One thing to note about the automatic link conditioner setting in Xcode is that it is not portable to macOS directly if you are building for iPad and macOS.  You will need to look into using the desktop link conditioner separately from the Xcode 11 option.  For example, the screen shot from macOS Catalina below was build with the same network link conditioner applied to the next screen shot below on iPadOS.

macOS Catalina 10.15

macOS Catalina

iPadOS

iPadOS

 

In Summary ⌛️

In summary I hope you have now learned how to apply a network link conditioner to test your application code.  There is nothing truly like seeing the poor connection occur naturally, but using the new options available in Xcode 11 helps streamline the process and reduce error of leaving the link conditioner enabled. Please let me know if you have enjoyed this tutorial or if I can expand on any of the topics in further articles or tutorials. If you have any questions, comments, or concerns please leave a comment and I will get back to you as soon as possible.

If you want to take a look at the code used for this tutorial, please checkout my Github here.

Member for

3 years 5 months
Matt Eaton

Long time mobile team lead with a love for network engineering, security, IoT, oss, writing, wireless, and mobile.  Avid runner and determined health nut living in the greater Chicagoland area.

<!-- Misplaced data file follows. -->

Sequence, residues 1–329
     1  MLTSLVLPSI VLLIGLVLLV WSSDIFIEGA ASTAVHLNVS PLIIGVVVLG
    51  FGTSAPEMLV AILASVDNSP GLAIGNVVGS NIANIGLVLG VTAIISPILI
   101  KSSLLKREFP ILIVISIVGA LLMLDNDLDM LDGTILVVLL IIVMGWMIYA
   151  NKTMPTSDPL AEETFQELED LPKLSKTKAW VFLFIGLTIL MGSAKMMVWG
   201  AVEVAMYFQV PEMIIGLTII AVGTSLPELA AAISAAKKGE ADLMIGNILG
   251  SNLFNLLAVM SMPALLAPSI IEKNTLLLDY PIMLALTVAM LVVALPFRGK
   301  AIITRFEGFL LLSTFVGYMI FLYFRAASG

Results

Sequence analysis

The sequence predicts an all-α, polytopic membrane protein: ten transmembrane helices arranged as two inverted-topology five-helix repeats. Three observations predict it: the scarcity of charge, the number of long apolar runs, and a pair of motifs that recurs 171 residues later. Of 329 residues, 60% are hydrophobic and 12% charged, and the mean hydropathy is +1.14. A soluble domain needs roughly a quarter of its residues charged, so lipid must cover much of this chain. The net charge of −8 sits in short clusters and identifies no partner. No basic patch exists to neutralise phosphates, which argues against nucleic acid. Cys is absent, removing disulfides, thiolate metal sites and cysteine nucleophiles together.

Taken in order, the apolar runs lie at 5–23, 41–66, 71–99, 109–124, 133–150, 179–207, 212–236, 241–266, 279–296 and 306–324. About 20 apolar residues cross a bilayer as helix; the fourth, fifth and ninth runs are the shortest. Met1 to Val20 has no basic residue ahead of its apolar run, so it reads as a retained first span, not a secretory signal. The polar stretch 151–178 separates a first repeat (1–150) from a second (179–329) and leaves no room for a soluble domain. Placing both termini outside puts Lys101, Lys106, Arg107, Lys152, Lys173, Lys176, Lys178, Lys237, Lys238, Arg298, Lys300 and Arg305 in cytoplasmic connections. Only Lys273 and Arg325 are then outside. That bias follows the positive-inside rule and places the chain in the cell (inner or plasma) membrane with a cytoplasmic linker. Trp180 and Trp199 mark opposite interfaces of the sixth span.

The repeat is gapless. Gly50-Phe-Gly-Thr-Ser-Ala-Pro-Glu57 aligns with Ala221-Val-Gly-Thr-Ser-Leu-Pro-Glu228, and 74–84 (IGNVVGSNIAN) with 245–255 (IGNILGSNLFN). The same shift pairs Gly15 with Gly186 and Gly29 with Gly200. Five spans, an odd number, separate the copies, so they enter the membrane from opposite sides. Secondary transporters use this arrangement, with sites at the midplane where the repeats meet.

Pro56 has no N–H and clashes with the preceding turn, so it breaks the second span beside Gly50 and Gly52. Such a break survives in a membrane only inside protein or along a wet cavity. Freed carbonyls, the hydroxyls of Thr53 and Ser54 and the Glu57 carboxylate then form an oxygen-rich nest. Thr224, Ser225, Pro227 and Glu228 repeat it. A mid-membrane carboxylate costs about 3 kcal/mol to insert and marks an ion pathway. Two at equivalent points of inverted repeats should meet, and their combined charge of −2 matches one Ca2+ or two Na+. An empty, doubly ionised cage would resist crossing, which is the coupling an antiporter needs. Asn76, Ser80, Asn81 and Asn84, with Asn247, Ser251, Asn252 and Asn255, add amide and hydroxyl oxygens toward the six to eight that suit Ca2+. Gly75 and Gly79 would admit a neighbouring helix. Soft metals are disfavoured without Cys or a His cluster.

Comments

Olivier Bonaventure

Tue, 07/09/2019 - 09:45 AM

Hello,

As you might know, recent versions of iOS support Multipath TCP to provide better user experience. Apple uses Multipath TCP for Siri and soon Apple Maps and Apple Music. Is it possible with the link conditionner to specify the characteristics of two different network interfaces (say poor LTE and medium WiFi or the opposite) ?

Thanks for the post

Olivier

Olivier, that is an excellent question!  To my knowledge, no.  Link conditioning is only available for a specific link on the interface being used.

The first thought that pops into my mind would be simulating a link conditioned setting on both interfaces with Xcode and a physical device.  For example, could you connect to a router and dial back the bandwidth on that router for a lease/connection/ip and then use the network link conditioner on the cellular interface?